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#15
Old metallica uses a lot of pentatonic-ish stuff. Just mess around with it.
"For God so loved the world that he gave his one and only Son, that whoever believes in him shall not perish but have eternal life." JOHN 3:16 NIV
#16
Quote by guitarwylde03
Hey jmac, do you have anything recorded? 'cause their are a lot of people, I'm sure, that would be williing to give you an example of how to write a lead. Post some music up here. But other than that, what I do is just think of something really cool in my head, them put it on guitar. Sounds easy doesn't it. Well with a little music theory and some messing around it actually is. This how I always write everything: rhythm, lead, bass, solos, etc. Try it out. Don't just focus on music theory, that makes music boring at times.


Alright here you guys go. www.myspace.com/defendhxc. That is 2 songs that we have recorded very ****ty with one mic.
#18
well, I'm not theory genius, but it always works to base the lead on something else like the vocals or the feeling you get from the lyrics.
#19
Quote by 4string-tsurigi
3 semitones down, i believe



4 semi tones down
#20
I took a listen. Sounds like you guys know a few power chords and that's
about it. Although, overall I rather liked it. The first song seemed to sag
a bit in a spot or two.

It's not demanding stuff. I'm not sure you need much of a solo for that type of
music. But, if you don't have any other tricks up your sleeve, all your songs are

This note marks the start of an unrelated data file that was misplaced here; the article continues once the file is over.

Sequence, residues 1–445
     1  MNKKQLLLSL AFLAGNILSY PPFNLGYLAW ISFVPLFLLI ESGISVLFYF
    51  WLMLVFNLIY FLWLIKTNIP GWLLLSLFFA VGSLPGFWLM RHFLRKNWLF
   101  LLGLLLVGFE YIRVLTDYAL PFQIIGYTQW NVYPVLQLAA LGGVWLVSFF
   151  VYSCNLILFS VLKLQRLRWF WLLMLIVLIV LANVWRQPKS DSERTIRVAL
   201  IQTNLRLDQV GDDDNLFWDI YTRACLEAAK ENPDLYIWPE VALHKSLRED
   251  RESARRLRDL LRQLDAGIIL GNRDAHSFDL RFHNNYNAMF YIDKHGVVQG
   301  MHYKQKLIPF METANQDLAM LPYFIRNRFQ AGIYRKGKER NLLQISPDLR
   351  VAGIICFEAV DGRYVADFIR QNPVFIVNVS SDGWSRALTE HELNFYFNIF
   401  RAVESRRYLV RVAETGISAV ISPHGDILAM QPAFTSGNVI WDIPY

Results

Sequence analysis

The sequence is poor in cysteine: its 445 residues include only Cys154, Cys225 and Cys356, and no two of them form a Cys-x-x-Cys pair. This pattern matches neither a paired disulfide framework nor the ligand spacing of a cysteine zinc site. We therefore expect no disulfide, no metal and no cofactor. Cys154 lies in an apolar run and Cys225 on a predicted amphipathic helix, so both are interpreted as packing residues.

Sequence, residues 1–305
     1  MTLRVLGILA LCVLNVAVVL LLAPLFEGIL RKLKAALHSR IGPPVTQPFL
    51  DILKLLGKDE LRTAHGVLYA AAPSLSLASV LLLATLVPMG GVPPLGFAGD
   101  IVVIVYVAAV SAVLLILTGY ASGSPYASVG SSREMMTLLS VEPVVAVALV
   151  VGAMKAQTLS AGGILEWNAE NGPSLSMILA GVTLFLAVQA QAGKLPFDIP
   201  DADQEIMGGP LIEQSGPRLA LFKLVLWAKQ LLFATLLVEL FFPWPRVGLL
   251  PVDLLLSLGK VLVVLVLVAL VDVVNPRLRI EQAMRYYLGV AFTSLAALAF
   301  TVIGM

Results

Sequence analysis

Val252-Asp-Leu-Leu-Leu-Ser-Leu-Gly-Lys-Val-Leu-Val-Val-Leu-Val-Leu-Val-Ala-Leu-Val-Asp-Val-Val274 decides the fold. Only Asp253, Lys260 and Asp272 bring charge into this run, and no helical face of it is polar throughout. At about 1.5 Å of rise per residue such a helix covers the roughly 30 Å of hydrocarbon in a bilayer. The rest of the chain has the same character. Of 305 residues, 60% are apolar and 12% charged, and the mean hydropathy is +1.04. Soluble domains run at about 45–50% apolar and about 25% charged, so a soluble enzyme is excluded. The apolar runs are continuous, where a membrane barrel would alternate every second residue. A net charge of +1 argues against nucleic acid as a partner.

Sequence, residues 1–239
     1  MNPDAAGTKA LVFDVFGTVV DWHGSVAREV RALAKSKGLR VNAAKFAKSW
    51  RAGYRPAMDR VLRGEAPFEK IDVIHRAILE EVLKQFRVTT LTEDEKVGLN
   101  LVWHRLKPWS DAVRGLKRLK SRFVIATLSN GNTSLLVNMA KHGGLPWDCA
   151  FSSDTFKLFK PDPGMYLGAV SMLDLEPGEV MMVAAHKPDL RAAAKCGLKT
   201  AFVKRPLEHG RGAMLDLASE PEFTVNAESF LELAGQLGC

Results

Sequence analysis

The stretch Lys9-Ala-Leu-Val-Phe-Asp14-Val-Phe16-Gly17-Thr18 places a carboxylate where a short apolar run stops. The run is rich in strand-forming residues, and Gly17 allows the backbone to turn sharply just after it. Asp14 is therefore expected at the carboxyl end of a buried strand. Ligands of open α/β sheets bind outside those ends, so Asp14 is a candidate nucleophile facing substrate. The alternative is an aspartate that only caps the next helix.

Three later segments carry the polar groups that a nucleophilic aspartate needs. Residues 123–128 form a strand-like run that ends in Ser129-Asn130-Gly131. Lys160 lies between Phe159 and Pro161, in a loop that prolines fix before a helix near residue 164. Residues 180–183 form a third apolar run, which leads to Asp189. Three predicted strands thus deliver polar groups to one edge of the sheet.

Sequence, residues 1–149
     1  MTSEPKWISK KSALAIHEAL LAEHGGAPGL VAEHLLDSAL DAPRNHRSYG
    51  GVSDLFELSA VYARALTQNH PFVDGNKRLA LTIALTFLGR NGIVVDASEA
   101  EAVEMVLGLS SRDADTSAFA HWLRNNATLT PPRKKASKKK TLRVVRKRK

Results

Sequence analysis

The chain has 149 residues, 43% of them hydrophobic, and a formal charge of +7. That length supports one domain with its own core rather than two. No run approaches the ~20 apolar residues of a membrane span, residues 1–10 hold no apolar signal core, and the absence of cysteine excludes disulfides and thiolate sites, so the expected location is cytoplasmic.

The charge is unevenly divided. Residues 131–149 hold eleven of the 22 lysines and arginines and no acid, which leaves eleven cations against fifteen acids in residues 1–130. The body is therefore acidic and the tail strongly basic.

going to sound the same.

Maybe later I'll try recording a similar backing track and put a solo on it.
#21
Quote by Shorrock
4 semi tones down

Incorrect.. Relative minor is 3 semi tones below! Example
----C-D-E-F-G-A-B-C
A-B-C-D-E-F-G-A----

You see an Aminor scale and a Cmajor scale. Aminor is the relative minor of Cmajor, and the difference between a C and an A is three semitones.
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#22
Quote by elvenkindje
Incorrect.. Relative minor is 3 semi tones below! Example
----C-D-E-F-G-A-B-C
A-B-C-D-E-F-G-A----

You see an Aminor scale and a Cmajor scale. Aminor is the relative minor of Cmajor, and the difference between a C and an A is three semitones.


no i am correct.

there is a tone gap between the B and A (two semi tones not one)

therefore there is 4 semi tone gap

A, A#, B, C
#23
another way to think about it is count the frets from C - A. Theres 4 so it = 4 semi tones.
#24
A A# B C C# D D#/Eb E F F# G G#

If you write it out like that, it is easy to see that C is the third note from A, therefore it is 3 semitones.
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#25
theres a 3 semi tone gap if you dont include the note you start on but i do when i work out the relitve minor so the way i do it i count down 4 semi tones (including the starting note)
#26
Hardcore requires more theory than most bands I know... check out my friends band and see what I mean:

www.purevolume.com/theeveningedition


notice all the modes he uses and 90% of it is improvised... in order to become a good hardcore player you need to be quite intelligent and quick on your feet. Memorize all the positions for all of the modes and practice them in every key.
Last edited by silentdud at Jun 1, 2006,
#27
Sorry silentdud, but that is far from hardcore. Try something more like www.myspace.com/x1931 or my favorite www.myspace.com/dirtydancingrock . Check out some of their stuff.
Originally Posted by sadistic_monkey
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My Gear:
Ibanez Rg320DX (81/85)
Alvarez Classic Electric
B-52 AT-100
Roland Cube 15
Marshall Avt Cab
Crate Blue Voodoo Cab (V30's)